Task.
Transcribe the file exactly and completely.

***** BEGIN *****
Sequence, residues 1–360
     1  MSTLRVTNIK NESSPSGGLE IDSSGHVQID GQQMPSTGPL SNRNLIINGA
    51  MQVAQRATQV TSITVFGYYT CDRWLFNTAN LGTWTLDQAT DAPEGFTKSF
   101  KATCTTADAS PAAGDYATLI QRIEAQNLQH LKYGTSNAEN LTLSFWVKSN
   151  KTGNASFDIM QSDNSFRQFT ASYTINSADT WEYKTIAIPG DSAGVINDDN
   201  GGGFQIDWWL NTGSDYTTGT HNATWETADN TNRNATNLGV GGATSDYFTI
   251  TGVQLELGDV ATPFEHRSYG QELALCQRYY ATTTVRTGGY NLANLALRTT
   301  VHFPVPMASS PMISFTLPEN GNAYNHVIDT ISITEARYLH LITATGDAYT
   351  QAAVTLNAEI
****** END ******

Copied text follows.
Sequence, residues 1–360
     1  MSTLRVTNIK NESSPSGGLE IDSSGHVQID GQQMPSTGPL SNRNLIINGA
    51  MQVAQRATQV TSITVFGYYT CDRWLFNTAN LGTWTLDQAT DAPEGFTKSF
   101  KATCTTADAS PAAGDYATLI QRIEAQNLQH LKYGTSNAEN LTLSFWVKSN
   151  KTGNASFDIM QSDNSFRQFT ASYTINSADT WEYKTIAIPG DSAGVINDDN
   201  GGGFQIDWWL NTGSDYTTGT HNATWETADN TNRNATNLGV GGATSDYFTI
   251  TGVQLELGDV ATPFEHRSYG QELALCQRYY ATTTVRTGGY NLANLALRTT
   301  VHFPVPMASS PMISFTLPEN GNAYNHVIDT ISITEARYLH LITATGDAYT
   351  QAAVTLNAEI